we are fighting wars that do not end. you all know this. and the war has come home. the war is in the streets. we have arrested millions of people for drugs. thank god i'm in california. show me some pot, you know? california is wonderful, but it is not that way in the rest of the country. they are still giving people felony convictions for possession of marijuana. you guys are really progressive. the rest of this country is not. the rest of this country is fighting a war that you cannot even protest. we are so far, even though barack is in the white house, isn't that great? the country is more right wing than you ever realized. besides berkeley and madison, an arbor, san francisco, and the rest of this country is right wing. what does that mean in terms of
what is happening? we have 7 million people in constructive custody. 7 million at this moment. jail, prison, probation, parole. last year, 80 million people were arrested in the united states. 1/3 of them were released in 26 hours. about 2/3 spent a day or longer in jail. we are incarcerating and solemnizing -- felonizing this population. you cannot discriminate by race, but you can buy criminal record. wisconsin was a police state, very liberal, right? it is against the law to have intercourse until you are 18 years old. but i just ask you this, this is san francisco, let me ask you this -- how many of you have smoked pot? [laughter] i ask this of my students every
semester. how many of you have sexual intercourse before age 17? in my state, you are convicted felons. right? so i tell my students, i tell them that i'm going to take my university's 15,000, and going to take my students, and we're going to march down to the police station, and they are all going to confess to having sexual intercourse before age 18. my point is there is no escape anymore. it is not just a criminal records. i really feel sorry for our children and grandchildren. we are telling -- felonizing recreational drugs, felonziinizg recreational sex. i go into prisons, and in interviewing lesbian women who are 19 and 20 years old who get 20 years for having sex with a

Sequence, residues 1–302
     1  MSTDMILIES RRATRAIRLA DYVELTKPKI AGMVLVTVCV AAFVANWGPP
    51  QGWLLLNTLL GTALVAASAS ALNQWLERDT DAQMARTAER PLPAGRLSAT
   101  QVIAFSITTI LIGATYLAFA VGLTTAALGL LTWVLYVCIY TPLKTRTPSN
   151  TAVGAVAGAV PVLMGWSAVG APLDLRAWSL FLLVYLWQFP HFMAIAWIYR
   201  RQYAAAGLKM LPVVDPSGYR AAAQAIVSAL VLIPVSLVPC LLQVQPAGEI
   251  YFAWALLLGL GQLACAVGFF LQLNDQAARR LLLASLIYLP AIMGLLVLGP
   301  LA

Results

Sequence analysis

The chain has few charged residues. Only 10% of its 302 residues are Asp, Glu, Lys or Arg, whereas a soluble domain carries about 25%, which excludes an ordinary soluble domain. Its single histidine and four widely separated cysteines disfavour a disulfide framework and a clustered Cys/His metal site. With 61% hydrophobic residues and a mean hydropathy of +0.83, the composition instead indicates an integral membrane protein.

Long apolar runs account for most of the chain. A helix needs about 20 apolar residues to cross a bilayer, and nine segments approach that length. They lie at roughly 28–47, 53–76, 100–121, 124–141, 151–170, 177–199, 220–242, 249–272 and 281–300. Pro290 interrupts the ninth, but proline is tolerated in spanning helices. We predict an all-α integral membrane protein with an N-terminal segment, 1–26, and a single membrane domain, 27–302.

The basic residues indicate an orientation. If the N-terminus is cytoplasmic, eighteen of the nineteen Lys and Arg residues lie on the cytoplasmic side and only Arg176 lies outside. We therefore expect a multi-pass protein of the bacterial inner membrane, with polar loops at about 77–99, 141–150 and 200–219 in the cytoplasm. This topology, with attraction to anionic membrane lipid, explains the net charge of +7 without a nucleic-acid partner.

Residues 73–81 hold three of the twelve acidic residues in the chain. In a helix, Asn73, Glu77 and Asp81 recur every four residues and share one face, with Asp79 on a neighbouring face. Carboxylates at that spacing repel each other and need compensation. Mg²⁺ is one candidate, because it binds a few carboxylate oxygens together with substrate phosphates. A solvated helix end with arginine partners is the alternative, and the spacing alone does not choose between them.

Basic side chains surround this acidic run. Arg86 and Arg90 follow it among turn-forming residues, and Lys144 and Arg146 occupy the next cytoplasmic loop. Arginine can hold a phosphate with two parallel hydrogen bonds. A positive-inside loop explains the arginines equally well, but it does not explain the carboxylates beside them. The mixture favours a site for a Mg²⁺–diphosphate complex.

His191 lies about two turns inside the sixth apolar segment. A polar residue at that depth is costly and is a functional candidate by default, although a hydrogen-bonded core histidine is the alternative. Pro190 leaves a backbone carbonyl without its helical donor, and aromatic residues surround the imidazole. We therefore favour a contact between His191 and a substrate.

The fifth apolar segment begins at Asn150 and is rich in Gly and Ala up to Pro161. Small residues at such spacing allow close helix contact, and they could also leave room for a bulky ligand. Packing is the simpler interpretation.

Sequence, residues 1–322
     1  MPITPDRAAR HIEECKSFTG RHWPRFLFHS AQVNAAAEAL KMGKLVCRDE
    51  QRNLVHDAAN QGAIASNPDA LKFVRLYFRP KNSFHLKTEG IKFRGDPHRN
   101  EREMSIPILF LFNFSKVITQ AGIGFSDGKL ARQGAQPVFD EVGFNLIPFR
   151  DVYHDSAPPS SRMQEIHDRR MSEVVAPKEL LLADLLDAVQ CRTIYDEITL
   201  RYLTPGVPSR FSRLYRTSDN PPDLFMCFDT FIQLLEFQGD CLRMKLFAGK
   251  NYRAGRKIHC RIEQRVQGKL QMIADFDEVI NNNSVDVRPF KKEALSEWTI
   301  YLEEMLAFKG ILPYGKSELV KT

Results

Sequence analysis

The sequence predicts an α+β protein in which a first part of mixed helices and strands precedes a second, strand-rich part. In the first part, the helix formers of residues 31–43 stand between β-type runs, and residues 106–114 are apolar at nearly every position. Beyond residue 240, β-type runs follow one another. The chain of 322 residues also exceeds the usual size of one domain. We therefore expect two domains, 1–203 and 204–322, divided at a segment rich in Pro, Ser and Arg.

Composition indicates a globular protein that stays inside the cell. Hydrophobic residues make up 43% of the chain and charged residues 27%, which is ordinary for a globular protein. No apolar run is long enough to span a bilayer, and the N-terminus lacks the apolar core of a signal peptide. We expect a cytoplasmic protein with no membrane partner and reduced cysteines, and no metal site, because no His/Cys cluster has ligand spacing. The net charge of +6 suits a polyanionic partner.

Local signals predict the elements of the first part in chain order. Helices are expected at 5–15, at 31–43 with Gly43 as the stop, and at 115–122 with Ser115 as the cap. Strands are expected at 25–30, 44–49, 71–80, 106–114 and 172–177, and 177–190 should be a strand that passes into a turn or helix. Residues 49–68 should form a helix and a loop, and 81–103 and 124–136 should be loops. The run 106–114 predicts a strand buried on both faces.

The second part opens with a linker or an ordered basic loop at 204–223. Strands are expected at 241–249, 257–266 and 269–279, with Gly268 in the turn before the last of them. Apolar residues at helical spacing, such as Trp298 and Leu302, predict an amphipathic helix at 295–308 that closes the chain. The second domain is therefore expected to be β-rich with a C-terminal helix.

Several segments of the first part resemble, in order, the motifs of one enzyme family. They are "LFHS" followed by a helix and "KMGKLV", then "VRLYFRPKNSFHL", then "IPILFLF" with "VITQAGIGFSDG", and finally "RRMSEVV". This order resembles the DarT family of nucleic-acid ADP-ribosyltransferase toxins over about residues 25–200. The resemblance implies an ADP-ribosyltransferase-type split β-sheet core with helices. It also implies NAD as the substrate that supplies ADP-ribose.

17 year-old. she's 19, she 17, she got 20 years. that is what is coming to. in this country now with mandatory minimums, with these damned sex loss -- sex is illegal, guys. next, they are going to start arresting people for having sex out of marriage. sex offender laws, there has not been a word about that today. it is worse than the war on drugs. if you get arrested on a sex offense, that to happen to anyone of you. you are all than -- tehm. -- them. any of you to be arrested for inappropriate touching. what is that? five or 10 years? what gets to me now is it is not just about criminal records.
many of you could be arrested tomorrow based on the supposition or the allocation of some witnesses that said that you sexually assaulted them in an elevator in a parking lot. there is no defense. it will ruin your career. you will lose your home, your marriage, your kids, and then, the public defender will make you plead guilty. >> the scene of the fear of crime, and that was touched on a few times today, and the more fearful we are, the more laws we have any more prisons we have, and i think that is what dr. richards is touching on. in the realm of criminal policy, the more fear there is that the more laws we have that limit what people can do, people with criminal records can do. an example of